Friday, April 6, 2012


My last article concerning battery life for smartphones and 4G coverage generated a bit of controversy from a few readers. The bit that set some people off was my assertion that the newest iPhone (iPhone 4S) doesn’t support 4G speeds offered by AT&T, Verizon and others. The truth is that those readers were right. But since I write this column I get to declare that I am more right! Allow me to explain.

The phrase "4G" has become a major marketing term in wireless, but everyone defines it differently. The International Telecommunications Union started out by defining 4G as a set of technologies that nobody in the U.S. will have for several years. But as carriers defined 4G down, the ITU basically gave up.

So, no, the iPhone 4S does not support 4G. Not really. But AT&T is calling it that. If you have AT&T’s latest iPhone 4S and have been paying attention, you may have noticed that the little icon at the top of the status bar clearly says “4G.” The fact is that icon used to say “3G” but AT&T successfully begged Apple to allow AT&T phones to show a “4G” instead. So a software update earlier in March changed the little icon from “3G” to “4G.” So it is not really 4G but it is a bit faster than what Verizon is offering around here.

You see, when AT&T finally upgraded the towers all across North Alabama from Edge to 3G (technically called “HSPA”) technology a couple of years ago, they also included the technology they are calling “4G” (called “HSPA+). In other words, it’s “enhanced” 3G.” The update from Apple enabled the receiver in the iPhone 4S to “read” HSPA+ signals which is noticeably faster than the standard 3G so that’s why you have the 4G icon.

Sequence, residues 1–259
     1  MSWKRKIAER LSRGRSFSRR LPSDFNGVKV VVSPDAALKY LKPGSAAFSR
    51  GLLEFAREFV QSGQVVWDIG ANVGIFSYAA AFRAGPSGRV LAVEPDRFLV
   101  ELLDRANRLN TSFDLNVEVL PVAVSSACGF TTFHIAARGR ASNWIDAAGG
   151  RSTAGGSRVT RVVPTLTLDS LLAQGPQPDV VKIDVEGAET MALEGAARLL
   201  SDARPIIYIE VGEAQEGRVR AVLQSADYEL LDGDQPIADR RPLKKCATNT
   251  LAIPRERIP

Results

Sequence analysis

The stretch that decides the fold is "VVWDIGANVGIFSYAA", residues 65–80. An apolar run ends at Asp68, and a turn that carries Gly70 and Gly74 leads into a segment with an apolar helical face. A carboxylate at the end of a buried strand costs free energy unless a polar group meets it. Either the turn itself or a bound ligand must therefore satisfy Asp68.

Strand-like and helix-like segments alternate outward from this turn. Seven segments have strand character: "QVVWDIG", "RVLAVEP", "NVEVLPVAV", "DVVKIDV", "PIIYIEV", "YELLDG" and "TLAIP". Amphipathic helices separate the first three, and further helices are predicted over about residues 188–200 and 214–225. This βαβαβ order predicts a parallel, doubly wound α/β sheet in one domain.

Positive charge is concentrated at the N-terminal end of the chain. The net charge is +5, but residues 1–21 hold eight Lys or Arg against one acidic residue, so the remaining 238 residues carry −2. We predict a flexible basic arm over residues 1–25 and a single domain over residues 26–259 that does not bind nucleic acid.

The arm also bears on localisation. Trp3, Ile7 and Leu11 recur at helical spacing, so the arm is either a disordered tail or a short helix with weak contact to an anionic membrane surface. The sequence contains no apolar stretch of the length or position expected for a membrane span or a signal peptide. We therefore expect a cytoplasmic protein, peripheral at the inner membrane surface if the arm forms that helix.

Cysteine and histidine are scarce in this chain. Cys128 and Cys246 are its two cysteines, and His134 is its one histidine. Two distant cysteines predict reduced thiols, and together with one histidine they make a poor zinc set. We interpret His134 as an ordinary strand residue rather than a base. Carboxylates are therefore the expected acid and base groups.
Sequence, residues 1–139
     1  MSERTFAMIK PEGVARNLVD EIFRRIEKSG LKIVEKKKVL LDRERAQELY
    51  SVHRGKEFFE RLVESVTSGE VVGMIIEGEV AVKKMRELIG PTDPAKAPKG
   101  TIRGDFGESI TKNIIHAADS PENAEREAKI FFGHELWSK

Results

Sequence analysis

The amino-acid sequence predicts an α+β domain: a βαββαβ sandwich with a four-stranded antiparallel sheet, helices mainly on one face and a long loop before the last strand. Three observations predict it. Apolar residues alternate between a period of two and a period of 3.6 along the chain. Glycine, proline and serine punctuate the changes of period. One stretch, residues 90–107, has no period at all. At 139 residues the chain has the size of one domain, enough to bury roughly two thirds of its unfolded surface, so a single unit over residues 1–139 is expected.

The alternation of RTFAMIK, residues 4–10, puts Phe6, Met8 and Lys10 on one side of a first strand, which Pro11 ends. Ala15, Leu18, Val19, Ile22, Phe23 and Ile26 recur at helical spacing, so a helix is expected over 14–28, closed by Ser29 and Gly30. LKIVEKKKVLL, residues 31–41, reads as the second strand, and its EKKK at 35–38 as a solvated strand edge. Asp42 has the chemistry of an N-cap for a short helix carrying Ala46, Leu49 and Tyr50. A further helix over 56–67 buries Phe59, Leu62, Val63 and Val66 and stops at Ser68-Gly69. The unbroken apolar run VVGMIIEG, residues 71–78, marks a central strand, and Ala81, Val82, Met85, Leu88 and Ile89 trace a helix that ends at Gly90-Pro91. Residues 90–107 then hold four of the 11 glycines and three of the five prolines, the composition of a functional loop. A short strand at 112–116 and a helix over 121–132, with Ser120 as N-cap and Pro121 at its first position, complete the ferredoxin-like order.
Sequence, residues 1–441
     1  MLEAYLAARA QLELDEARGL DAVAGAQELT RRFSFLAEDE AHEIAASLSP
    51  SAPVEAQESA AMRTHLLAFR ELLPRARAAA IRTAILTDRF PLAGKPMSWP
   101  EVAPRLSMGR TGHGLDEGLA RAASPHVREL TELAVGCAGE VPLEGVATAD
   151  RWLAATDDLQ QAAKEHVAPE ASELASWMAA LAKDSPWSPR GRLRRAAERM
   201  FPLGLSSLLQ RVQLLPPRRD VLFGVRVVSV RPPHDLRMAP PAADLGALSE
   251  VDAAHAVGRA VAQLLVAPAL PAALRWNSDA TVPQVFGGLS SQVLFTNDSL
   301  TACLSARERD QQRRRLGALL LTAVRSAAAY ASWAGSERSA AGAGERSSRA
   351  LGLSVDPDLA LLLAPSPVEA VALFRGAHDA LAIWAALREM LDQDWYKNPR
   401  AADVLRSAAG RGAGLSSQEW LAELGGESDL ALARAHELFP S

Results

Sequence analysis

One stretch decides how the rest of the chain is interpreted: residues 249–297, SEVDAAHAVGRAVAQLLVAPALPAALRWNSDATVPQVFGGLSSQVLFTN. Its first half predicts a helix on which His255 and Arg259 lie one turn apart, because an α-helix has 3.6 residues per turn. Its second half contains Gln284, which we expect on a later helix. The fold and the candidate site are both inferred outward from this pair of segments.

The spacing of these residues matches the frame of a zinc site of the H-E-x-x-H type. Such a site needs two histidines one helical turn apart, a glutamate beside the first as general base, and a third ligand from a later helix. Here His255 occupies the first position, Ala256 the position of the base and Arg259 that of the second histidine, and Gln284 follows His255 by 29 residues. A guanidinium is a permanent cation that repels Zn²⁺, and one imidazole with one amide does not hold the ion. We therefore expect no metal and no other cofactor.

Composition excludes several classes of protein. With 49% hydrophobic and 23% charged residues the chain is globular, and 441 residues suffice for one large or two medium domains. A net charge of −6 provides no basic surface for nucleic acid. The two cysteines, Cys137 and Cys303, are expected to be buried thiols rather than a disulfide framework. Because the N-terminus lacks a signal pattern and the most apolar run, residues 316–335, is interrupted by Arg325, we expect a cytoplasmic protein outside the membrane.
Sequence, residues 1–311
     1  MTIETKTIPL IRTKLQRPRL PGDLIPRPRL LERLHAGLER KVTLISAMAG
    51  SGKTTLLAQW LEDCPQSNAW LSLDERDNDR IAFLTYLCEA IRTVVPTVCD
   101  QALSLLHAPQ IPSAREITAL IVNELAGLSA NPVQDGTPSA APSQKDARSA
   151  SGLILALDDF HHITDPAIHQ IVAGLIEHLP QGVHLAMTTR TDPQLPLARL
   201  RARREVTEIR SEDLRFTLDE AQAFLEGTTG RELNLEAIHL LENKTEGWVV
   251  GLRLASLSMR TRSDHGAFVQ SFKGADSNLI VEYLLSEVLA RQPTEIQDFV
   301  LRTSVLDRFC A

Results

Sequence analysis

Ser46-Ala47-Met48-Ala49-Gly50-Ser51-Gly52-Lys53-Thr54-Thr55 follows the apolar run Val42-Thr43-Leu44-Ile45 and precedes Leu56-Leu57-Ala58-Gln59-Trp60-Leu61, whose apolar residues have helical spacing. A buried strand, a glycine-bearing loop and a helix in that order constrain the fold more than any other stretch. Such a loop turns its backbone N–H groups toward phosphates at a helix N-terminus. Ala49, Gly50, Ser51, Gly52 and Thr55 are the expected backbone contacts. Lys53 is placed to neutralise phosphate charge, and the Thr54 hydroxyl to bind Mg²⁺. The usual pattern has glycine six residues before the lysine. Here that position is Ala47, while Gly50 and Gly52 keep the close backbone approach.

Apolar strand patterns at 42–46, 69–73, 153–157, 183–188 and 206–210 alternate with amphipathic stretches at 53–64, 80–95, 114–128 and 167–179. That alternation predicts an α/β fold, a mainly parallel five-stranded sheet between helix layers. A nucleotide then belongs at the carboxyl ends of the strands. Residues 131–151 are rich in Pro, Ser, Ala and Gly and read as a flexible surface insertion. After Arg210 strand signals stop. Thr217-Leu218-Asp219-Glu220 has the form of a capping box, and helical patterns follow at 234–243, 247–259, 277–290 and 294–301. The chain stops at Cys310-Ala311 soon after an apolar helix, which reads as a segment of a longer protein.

AT&T and other companies are implementing an even newer, much faster “4G” in bigger cities but even that “4G” doesn’t actually meet the specifications of “true” 4G service which is about 20 times faster than anything on the market right. In short, this talk of 4G everywhere is a ploy to motivate you to purchase a new phone that has slightly faster download speeds.

AT&T and Verizon are rolling out yet another version of 4G in select markets called “LTE.” Your iPhone 4S won’t access this “new” 4G. The upcoming iPhone 5 is expected to support 4G LTE but don’t look for that 4G service around here anytime soon. We are stuck with 3G no matter what they choose to call it.

To summarize: Your AT&T iPhone 4S now says 4G because that's exactly what it is: an HSPA+ device that runs on a "4G" network, even though the network is technically AT&T's 3G network, not the company's separate 4G LTE network. If you take your “4G” phone over to Huntsville and Decatur, your iPhone 4S will not use the new 4G LTE signals over there. You will still be stuck in the enhanced 3G that AT&T is calling 4G. Is that confusing or WHAT?

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